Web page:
Brynne Hovde • May 11, 2017
Everyone’s favorite topic! White/cis/hetero privilege in the workplace! ….
Hello? Anybody??? No?
But listen, friends, we have to talk about it. Because it exists and it has deep impact on our workspaces and organizations.
I spent many years being very uncomfortable at the idea of Privilege. Doesn’t “Blessings” sound much, much nicer? And less like it is my fault? (we can get into white guilt another time).
I actively avoided thinking about the ways in which I moved through the world that were forbidden to others. When faced with an obvious advantage, my mind would immediately start to catalog all of the challenges I have faced in my life – no privilege there, no sir! I’ve had hardships!
Eventually I had to give it up. The truth is, I experience extreme privileges due to many of my identities (white/cis/hetero)… and these privileges have had direct impact on my career arc and my day-to-day work experience. Below are just 3 of the ways my privilege shows up at work:
I don’t have a college degree.
Ooo, I really don’t like to talk about this. It has taken me many years to not try to hide the fact that I never actually finished my degree (despite spending nearly 8 years in my college town…). Truth is, I ran out of funding and started working two jobs and I just like working more than going to school.
I had to ask myself: would my career have looked the same if my skin color was different? Doubtful. Women of color are already subject to unconscious and very conscious biases when applying for jobs or promotions. See this study that shows how having a “Black name” can impact hireability. Now imagine having a Black name AND having your educational experience end with a high school diploma.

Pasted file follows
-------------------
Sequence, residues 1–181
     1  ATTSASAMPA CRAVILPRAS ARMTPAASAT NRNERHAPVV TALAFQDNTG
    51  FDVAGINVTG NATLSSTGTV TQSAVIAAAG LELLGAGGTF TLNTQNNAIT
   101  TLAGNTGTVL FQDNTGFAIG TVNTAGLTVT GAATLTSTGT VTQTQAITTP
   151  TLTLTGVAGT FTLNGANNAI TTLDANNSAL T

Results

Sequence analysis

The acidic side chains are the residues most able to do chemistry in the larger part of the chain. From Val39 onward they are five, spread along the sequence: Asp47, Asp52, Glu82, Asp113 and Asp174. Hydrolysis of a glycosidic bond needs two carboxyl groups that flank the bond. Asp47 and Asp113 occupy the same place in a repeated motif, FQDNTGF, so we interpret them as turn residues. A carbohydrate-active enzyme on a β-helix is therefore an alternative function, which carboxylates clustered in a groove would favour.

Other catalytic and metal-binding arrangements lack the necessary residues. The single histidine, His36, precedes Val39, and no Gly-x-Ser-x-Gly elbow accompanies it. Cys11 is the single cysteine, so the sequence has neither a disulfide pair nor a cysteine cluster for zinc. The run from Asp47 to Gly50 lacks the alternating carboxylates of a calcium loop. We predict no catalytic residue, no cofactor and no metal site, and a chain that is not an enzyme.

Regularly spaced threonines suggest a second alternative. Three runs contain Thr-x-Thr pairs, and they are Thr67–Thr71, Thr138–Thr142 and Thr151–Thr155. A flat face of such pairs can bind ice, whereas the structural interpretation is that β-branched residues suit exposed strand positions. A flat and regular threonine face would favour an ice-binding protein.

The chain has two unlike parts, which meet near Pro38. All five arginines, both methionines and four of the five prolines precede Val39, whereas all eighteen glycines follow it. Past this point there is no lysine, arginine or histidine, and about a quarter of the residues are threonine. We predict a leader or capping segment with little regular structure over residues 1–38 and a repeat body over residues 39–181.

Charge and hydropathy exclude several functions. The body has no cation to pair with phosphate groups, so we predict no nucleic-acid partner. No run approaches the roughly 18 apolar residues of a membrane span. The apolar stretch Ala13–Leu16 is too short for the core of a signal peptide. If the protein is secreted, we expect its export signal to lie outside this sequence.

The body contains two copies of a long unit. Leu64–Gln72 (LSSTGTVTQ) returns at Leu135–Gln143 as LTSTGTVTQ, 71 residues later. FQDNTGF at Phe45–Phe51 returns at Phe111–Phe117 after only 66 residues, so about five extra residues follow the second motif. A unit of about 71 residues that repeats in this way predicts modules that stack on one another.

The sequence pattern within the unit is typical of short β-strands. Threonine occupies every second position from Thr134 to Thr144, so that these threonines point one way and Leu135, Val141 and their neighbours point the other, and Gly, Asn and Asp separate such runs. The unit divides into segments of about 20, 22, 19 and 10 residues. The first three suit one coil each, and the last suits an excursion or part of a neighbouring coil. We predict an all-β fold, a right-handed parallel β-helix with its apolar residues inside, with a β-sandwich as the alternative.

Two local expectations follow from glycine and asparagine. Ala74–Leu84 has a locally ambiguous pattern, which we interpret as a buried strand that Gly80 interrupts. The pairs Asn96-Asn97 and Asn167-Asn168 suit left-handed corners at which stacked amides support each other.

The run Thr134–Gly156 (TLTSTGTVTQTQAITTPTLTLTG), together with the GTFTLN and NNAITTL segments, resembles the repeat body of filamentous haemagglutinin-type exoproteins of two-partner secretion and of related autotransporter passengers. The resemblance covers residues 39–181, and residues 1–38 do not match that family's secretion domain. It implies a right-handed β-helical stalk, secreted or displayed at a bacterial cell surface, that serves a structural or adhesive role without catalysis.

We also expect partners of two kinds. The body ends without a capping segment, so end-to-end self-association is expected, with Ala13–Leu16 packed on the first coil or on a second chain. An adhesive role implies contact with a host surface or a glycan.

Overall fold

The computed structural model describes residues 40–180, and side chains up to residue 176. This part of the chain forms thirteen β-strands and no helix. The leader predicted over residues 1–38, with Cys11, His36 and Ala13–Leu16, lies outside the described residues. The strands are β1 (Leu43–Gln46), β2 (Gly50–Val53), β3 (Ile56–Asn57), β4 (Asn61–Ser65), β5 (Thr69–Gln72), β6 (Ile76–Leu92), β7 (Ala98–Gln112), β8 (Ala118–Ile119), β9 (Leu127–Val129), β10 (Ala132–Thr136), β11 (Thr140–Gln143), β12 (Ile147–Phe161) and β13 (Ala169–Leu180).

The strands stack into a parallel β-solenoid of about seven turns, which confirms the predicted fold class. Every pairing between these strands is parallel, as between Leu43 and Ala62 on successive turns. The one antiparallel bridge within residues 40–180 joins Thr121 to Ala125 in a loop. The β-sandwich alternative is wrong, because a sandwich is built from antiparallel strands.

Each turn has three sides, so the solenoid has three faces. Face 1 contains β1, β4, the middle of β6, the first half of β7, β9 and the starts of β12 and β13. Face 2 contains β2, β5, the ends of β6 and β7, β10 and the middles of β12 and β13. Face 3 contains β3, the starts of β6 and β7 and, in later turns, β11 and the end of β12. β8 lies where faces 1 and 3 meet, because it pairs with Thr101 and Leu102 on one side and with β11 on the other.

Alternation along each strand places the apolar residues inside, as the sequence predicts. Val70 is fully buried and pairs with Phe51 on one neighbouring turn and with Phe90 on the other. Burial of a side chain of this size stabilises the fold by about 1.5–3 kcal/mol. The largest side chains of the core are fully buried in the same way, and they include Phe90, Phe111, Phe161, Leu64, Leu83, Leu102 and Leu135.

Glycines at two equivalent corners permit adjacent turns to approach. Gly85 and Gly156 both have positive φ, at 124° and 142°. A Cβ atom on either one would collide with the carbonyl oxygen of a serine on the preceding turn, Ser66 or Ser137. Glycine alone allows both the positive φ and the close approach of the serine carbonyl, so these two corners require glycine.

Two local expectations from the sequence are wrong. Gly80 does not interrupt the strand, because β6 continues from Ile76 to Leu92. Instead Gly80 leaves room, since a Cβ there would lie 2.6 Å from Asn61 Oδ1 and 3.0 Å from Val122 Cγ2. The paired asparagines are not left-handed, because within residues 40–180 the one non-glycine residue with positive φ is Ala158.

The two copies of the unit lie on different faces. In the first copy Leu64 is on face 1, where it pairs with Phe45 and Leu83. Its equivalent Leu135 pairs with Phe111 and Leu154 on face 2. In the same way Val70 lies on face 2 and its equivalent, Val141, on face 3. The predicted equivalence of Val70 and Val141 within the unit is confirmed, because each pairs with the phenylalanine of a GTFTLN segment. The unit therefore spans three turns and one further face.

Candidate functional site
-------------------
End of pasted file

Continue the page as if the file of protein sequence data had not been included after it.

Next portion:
Yes, I’ve worked my ass off in my career, and I believe I’ve deserved every promotion, raise and opportunity I was given. The fact is, it wouldn’t have played out the same way if I wasn’t white.
“I believe I’ve deserved every promotion, raise and opportunity I was given. The fact is, it wouldn’t have played out the same way if I wasn’t white.”
My managers always looked like me.
Anyone who says “I don’t care if so and so is white, black, or purple” is probably definitely white. Because there are no purple people. And being able to “not care” about what color people are is a unique position held by – you guessed it- white folks!
Throughout my career I have never had a boss or direct manager of color. Never. I’ve had a lot of great bosses and they were all white. We don’t generally notice or “care” about things like that, because as white people we are fish in the ocean…we don’t notice the water around us. I’ve been able to show up at work, raise concerns, have ideas and participate in performance reviews exclusively with someone who shares the same racial identity as me. This typically means we both exist within the same set of cultural norms (that likely set the tone for our entire workplace).
I was never tokenized.
As a women in the workplace, I can come up with a million gripes about the gender inequities that exist. We have a long way to go for women to be treated and compensated fairly at work. 47% of the U.S workforce is women. 12% of the U.S workforce is Black.
So there have typically been lots of women in the organizations I’ve worked for, and far fewer people of color. In my experience, this led very well-meaning companies to quickly tokenize people of color at work.
I’ve never had to speak on behalf of white people. I’ve very rarely been asked to even speak on behalf of women. But I have witnessed nearly every colleague of color at some point be asked to speak for all people of color, or to explain a cultural aspect to a white co-worker. And I have to imagine that being the “one brown person” in the office gets pretty exhausting…especially when you’re trying to, you know, work.
By being able to just exist, do my job, and not have to be the expert on my identity…that allows me to show up at work in a much more authentic way.
So now that you feel bad, what do you do?
This isn’t about feeling bad. I know that I’ve worked hard and earned what I’ve worked for. But I must acknowledge the role privilege has played in my career, and that I’ve benefitted from systems and biases that actively hold others back.
Auditing your own set of privileges and starting dialogue in your workplace about how those might play out on an organizational level is a good place to start.
To read about more instances where you might not be aware privilege exists, check out this article.